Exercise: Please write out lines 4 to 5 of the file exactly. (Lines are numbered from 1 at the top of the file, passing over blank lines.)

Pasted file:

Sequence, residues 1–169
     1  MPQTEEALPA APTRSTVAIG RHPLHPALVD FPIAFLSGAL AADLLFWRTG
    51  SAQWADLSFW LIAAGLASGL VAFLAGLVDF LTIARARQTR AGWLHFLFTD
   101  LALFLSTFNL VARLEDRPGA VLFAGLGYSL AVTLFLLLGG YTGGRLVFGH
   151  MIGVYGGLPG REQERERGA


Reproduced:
   101  LALFLSTFNL VARLEDRPGA VLFAGLGYSL AVTLFLLLGG YTGGRLVFGH
   151  MIGVYGGLPG REQERERGA